of his Majesty's state of revenue; where my lord I am farther to know his Majesty's pleasure con- chief justice made some relation of his collections ceming the day; for my lord chancellor and I con- which he had made of that kind; of which I will ceived his Majesty to have designed the Monday only say this, that I heard nothing that was new to and Tuesday after St. George's feast; and neverthe. me, and I found my lord chancellor, in divers parless we conceived also, that his Majesty understood ticulars, more ready than I found him. that the examinations of Somerset about this, and to a distribution both of times and of matters, for otherwise touching the Spanish practices, should we agreed what to begin with presently, and what first be put to a point; which will not be possible, should follow, and also we had consideration what as time cometh on, by reason of this accident of the was to be holpen by law, what by equity, and what duke's sickness, and the cause we find of Sir William by parliament; wherein I must confess, that in the Moonson's examination, and that divers of the peers last of these, of which my lord chief justice made are to be sent for from remote places.

most account, I make most doubt. But the conIt may please his Majesty therefore to take into clusion was, that upon this entrance I should advise consideration, whether the days may not well be put and confer at large with my lord chief justice, and off till Wednesday and Thursday after the term, set things in work. The particulars I refer till his which endeth on the Monday, being the Wednesday Majesty's coming. and Thursday before Whitsuntide ; or, if that please The learned counsel have now attended me twice not his Majesty, in respect, it may be, his Majesty at my chamber, to confer upon that which his Mawill be then in town, whereas these arraignments jesty gave us in commandment for our opinion upon have been still in his Majesty's absence from town, the case set down by my lord chancellor, whether • Stephens's First Collection, p. 108.

the statutes extend to it or no; wherein we are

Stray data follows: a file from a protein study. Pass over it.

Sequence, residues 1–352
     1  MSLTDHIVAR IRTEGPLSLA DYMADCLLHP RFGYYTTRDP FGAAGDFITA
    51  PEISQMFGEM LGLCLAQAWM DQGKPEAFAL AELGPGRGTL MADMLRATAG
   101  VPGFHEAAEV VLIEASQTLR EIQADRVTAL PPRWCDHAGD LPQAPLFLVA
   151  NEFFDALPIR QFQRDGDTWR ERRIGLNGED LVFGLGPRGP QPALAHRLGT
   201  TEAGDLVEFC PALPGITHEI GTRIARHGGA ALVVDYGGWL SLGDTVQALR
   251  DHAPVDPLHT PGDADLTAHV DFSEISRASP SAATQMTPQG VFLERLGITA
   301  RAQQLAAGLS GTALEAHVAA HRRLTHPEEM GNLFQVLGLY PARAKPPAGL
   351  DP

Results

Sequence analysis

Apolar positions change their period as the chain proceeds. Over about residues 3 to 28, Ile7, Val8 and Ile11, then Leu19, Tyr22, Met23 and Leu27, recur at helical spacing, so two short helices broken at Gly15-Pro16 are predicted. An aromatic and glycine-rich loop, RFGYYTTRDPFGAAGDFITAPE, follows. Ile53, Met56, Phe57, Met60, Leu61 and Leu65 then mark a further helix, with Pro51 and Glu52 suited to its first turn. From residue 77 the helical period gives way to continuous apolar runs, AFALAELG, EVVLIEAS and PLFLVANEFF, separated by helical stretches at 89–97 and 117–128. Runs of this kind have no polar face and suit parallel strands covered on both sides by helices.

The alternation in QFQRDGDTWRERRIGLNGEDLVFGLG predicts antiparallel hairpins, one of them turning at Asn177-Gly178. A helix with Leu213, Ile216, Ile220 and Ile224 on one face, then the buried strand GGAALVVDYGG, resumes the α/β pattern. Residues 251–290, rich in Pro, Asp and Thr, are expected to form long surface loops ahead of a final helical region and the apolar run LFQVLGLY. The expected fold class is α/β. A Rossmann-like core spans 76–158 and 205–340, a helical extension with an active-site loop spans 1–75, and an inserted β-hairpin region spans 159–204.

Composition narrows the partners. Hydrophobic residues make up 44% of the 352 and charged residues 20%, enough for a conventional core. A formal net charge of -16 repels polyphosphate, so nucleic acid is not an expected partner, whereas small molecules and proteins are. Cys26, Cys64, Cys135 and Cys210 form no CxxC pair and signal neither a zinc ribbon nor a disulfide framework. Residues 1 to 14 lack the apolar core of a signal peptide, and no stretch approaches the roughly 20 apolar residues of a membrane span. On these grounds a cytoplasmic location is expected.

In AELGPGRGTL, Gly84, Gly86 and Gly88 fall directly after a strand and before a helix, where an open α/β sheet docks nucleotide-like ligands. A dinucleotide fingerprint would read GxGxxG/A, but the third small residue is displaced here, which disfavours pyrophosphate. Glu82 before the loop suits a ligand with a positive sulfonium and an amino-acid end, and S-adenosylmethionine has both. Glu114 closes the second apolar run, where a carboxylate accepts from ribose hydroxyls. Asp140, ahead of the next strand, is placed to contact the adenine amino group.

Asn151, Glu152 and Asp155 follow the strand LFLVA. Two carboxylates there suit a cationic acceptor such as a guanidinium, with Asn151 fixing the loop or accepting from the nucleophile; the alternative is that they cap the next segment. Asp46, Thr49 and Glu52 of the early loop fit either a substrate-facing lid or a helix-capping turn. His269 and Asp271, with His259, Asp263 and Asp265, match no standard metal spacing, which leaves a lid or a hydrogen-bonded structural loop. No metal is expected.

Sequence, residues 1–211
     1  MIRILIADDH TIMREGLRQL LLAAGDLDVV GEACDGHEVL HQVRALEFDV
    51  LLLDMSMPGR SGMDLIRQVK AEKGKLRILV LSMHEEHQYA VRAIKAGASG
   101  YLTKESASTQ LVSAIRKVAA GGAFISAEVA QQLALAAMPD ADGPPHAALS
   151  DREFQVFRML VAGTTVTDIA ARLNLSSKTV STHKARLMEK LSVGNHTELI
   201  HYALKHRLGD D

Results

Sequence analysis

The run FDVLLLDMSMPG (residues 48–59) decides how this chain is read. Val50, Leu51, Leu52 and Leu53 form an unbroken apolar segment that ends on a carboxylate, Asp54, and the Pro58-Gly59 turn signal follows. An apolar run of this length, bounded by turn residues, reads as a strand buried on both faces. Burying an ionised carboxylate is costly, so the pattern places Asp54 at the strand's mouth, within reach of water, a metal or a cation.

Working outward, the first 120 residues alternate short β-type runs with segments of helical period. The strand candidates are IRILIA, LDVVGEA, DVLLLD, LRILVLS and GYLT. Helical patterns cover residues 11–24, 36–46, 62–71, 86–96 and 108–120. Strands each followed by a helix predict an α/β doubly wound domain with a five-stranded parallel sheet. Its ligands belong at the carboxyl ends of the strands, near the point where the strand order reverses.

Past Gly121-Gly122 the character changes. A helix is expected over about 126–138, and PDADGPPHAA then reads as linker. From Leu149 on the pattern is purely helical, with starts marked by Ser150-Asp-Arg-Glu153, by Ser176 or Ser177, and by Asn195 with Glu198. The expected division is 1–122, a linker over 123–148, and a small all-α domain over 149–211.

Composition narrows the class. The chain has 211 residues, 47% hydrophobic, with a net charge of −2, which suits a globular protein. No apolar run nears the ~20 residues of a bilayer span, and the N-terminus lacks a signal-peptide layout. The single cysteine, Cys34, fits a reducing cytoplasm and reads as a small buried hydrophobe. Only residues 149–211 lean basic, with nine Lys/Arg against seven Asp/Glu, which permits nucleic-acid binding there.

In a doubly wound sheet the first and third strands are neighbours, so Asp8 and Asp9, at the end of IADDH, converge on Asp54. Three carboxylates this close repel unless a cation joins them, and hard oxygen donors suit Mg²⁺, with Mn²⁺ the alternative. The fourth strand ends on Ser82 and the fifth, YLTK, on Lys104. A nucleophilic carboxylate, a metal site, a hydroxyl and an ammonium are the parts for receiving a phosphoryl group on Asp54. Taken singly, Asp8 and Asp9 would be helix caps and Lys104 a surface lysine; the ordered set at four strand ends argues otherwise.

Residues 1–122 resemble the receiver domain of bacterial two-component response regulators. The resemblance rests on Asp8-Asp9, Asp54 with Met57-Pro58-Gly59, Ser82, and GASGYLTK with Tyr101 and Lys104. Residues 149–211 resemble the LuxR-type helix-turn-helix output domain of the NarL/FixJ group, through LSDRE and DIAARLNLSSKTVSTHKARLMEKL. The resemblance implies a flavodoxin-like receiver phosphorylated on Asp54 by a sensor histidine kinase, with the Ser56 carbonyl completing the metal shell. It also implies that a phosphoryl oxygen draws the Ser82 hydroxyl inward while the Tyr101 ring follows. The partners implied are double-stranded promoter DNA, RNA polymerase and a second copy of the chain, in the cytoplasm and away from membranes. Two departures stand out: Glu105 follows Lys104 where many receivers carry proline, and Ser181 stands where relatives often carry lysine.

We grew

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more and more edified and confirmed that they do | put his Majesty in mind at his coming, to appoint not, and shall shortly send our report to his Majesty. some time for us to wait upon him all together, for

Sir, I hope you will bear me witness I have not the delivery in of the same, as we did in our former been idle; but all is nothing to the duty I owe his certificate. Majesty for his singular favours past and present; For the revenue matters, I reserve them to his supplying all with love and prayers, I rest,

Majesty's coming; and in the mean time I doubt Your true friend and devoted servant,

not but Mr. Secretary Winwood will make some kind

of report thereof to his Majesty. FR. BACON.

For the conclusion of your letter concerning my April 13, 1616.

own comfort, I can but say the Psalm of “ Quid retribuam ?” God that giveth me favour in his Ma

jesty's eyes, will strengthen me in his Majesty's CXXXVII. TO SIR GEORGE VILLIERS, ABOUT

service. I ever rest THE EARL OF SOMERSET.

Your true and devoted servant,

FR. BACON. I RECEIVED from you a letter of very brief and clear

April 18, 1616. directions; and I think it a great blessing of God To requite your postscript of excuse for scribupon me and my labours, that my directions come by bling, I pray you excuse that the paper is not gilt, so clear a conduit, as they receive no tincture in the I writing from Westminster-Hall, where we are not passage.